By Pauline Rose, director of the EFA Global Monitoring Report
As the post-2015 goal-setting process continues, education has increasingly been discussed as not only a development goal in its own right, but also a key way of reaching other development goals. And for good reason: a country that provides free access to quality education for all its citizens is far more likely to reduce poverty, promote economic growth, lower child and maternal mortality and achieve social inclusion. Two recent consultations highlight the importance of education and learning.
The recent draft Executive Summary for the United Nations World We Want Post-2015 Global Consultation on Education positions education as both a human right and the foundation for development. The summary, which is open for comments until May 27, calls for new goals to focus not just on access, but also on quality of learning. The focus on quality is welcome: as we found in the 2012 EFA Global Monitoring Report, education systems must address the fact that 250 million young people – including many who are in school – lack basic literacy and numeracy. The World We Want summary identifies the crucial role that teachers play in providing quality education, which will be a major topic in our upcoming 2013/2014 EFA Global Monitoring Report, on teaching and learning for development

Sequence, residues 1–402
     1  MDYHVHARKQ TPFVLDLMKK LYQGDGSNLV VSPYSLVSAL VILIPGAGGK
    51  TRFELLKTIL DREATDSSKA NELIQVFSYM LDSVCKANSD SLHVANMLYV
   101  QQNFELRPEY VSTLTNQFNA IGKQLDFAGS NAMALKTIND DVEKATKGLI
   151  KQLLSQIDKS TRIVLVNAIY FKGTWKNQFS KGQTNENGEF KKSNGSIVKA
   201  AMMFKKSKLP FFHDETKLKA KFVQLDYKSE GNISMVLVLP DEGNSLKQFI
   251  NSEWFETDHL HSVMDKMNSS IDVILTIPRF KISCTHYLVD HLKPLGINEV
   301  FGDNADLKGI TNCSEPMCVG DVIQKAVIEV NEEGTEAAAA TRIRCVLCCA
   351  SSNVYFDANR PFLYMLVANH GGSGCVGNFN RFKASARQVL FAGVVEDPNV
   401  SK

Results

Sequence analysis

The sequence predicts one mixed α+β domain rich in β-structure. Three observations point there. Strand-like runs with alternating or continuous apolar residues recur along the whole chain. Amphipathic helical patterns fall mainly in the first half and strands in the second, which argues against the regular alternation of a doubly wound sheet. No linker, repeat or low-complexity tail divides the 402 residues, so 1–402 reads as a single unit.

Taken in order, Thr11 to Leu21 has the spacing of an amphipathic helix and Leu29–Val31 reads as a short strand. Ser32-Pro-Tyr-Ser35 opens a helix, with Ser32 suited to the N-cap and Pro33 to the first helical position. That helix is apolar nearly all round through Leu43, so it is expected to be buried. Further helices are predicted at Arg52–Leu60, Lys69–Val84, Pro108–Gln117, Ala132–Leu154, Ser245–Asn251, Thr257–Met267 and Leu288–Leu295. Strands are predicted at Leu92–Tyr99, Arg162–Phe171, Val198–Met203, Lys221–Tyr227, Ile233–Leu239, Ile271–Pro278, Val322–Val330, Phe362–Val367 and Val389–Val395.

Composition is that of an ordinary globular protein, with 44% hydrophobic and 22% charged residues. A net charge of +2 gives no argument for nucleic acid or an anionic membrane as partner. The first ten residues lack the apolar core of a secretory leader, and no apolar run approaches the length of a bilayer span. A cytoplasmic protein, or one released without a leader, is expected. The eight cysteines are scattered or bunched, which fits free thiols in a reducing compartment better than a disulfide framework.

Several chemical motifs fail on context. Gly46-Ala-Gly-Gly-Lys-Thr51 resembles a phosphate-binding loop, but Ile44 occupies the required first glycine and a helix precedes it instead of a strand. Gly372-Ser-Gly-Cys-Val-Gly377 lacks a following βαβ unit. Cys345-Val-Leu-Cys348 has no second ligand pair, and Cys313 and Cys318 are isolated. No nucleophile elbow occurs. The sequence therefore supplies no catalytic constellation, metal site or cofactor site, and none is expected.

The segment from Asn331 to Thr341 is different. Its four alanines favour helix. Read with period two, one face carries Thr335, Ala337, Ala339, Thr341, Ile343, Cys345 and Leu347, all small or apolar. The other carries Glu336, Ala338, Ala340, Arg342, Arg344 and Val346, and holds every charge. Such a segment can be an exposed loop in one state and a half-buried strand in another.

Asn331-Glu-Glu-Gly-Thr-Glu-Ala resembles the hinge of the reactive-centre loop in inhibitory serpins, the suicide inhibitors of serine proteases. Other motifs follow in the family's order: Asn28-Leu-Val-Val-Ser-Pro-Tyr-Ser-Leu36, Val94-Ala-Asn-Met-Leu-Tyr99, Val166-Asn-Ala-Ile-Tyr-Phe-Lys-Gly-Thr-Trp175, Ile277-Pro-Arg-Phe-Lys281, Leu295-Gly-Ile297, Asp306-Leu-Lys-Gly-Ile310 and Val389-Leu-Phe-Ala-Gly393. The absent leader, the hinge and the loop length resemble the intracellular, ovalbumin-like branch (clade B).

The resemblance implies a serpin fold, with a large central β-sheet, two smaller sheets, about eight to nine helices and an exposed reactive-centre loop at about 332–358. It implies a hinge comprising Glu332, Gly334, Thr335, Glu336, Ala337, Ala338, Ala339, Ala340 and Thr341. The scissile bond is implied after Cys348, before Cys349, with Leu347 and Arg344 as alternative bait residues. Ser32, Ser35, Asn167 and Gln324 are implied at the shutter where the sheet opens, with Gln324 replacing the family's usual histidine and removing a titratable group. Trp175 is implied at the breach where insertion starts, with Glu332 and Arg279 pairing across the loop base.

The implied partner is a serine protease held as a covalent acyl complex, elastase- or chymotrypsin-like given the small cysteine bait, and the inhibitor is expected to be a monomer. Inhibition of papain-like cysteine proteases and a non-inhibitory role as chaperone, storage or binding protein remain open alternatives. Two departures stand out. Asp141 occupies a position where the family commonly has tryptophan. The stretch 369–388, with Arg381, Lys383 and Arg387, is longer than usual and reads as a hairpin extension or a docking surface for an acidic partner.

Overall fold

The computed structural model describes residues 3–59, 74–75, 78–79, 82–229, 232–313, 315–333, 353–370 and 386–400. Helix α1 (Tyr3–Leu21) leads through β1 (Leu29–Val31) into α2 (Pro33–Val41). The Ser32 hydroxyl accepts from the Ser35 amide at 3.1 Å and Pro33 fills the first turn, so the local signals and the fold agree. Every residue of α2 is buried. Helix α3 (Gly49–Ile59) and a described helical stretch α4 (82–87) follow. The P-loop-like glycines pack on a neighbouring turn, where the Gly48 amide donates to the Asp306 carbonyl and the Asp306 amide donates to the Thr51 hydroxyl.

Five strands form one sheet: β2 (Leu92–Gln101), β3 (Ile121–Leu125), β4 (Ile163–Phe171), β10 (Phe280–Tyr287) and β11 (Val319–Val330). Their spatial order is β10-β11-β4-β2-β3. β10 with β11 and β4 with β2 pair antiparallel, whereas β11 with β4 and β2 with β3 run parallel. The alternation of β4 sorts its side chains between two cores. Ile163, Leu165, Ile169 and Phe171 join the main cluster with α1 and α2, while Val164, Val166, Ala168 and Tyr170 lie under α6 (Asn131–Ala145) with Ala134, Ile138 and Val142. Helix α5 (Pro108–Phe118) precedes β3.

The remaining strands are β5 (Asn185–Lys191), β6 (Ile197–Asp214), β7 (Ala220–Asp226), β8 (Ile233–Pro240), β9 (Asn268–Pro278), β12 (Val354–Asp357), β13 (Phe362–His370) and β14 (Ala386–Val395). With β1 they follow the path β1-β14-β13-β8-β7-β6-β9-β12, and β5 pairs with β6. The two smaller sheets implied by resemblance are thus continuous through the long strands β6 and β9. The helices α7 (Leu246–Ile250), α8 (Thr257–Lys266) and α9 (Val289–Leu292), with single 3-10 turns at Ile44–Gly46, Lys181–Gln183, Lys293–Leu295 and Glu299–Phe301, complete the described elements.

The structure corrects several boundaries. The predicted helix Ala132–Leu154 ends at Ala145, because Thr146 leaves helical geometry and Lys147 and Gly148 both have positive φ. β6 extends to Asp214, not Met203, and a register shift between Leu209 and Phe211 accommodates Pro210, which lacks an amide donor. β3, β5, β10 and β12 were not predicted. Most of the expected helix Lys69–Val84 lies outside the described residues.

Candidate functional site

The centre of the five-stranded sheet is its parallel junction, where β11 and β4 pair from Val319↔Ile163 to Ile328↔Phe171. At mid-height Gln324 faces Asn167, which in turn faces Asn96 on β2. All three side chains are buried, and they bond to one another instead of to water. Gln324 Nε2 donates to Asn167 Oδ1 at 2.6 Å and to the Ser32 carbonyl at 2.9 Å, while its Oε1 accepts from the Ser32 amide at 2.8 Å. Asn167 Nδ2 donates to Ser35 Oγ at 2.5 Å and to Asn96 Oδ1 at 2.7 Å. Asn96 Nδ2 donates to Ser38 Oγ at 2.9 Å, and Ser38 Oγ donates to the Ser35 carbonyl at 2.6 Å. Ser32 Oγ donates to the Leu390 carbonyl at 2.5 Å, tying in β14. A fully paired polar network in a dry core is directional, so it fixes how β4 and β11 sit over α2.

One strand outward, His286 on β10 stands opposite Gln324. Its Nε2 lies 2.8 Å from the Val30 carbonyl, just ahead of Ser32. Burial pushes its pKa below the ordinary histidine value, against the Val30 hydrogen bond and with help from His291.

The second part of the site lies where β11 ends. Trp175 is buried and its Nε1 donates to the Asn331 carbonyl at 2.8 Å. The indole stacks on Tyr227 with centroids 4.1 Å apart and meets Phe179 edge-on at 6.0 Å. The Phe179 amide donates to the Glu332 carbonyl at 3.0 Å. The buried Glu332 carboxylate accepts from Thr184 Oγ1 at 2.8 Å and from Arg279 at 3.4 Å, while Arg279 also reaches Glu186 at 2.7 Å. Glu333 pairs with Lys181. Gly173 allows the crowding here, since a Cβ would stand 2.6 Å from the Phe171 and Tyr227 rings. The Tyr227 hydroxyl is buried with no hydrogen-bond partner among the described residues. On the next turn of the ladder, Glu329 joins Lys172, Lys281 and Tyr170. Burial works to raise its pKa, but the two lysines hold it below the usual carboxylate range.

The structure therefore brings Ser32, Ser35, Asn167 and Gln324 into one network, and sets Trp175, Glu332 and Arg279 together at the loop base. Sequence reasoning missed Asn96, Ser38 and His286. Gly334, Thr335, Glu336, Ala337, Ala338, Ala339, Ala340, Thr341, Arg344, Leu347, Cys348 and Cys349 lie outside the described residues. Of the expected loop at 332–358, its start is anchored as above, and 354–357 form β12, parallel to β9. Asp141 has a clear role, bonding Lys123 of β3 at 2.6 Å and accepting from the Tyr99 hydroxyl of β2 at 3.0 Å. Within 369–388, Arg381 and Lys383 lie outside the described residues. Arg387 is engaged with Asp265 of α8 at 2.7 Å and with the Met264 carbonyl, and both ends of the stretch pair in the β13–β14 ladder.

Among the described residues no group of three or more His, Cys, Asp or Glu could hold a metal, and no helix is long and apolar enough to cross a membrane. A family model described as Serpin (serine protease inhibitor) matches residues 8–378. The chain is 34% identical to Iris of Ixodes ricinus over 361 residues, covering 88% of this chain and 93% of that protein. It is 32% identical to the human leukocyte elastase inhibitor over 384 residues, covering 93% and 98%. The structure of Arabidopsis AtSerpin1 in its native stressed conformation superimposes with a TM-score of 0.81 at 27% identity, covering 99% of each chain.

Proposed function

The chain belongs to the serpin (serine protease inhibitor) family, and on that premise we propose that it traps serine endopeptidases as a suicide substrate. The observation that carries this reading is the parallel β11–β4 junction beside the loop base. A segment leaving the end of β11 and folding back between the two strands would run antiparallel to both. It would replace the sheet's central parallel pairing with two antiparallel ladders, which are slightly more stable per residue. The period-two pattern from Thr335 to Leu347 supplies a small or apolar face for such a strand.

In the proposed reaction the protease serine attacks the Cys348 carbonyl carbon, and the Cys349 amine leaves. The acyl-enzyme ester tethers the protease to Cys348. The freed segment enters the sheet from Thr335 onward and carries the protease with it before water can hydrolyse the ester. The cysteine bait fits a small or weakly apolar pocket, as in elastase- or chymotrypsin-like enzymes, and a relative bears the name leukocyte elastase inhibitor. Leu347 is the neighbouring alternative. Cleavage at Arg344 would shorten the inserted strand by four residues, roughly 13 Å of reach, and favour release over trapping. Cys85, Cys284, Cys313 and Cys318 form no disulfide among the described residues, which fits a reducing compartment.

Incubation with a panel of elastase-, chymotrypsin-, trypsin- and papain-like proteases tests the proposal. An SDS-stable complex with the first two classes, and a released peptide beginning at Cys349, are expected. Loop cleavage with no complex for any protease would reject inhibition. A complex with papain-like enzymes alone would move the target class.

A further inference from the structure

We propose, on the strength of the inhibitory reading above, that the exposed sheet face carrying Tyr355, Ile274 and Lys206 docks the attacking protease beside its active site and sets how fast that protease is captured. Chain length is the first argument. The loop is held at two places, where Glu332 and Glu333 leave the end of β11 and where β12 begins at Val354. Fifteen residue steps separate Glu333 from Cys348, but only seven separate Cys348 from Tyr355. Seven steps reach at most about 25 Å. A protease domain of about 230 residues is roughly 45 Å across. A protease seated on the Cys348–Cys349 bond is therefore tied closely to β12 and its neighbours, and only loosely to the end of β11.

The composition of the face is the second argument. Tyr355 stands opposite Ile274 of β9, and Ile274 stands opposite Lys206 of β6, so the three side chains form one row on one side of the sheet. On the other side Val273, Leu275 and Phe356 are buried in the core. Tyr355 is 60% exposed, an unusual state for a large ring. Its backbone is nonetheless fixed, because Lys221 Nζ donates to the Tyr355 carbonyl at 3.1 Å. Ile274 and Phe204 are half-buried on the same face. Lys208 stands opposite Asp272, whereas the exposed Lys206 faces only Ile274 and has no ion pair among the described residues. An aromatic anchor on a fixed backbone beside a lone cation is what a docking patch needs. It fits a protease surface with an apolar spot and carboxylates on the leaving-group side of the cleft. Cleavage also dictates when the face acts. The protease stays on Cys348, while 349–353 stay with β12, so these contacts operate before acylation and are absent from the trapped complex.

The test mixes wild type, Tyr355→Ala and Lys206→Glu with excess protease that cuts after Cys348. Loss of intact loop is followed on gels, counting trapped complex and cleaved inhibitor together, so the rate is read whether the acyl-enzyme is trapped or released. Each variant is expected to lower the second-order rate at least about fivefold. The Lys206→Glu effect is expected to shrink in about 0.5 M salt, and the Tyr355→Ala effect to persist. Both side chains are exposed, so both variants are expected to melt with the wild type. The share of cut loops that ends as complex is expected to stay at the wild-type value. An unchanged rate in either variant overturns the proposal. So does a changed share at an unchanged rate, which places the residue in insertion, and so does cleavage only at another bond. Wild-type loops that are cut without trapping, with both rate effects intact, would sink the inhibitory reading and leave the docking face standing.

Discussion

The draft Executive Summary does an excellent job of framing the urgent need for equitable education. However, ultimately a clearer goal will need to be defined to ensure that progress toward quality Education for All is clear and measurable. The Executive Summary uses the proposed goal from the expert meeting in Dakar several months ago, “Equitable quality lifelong education and learning for all”, as its proposed overarching education goal. As I mentioned in an earlier post after the Dakar meeting, the terms “lifelong education” is open to different interpretations, and thus lacks the clarity necessary for the international community to adopt and measure progress toward this goal. We must ensure that post-2015 education goals are clearly and simply stated, measurable and have equity at their heart.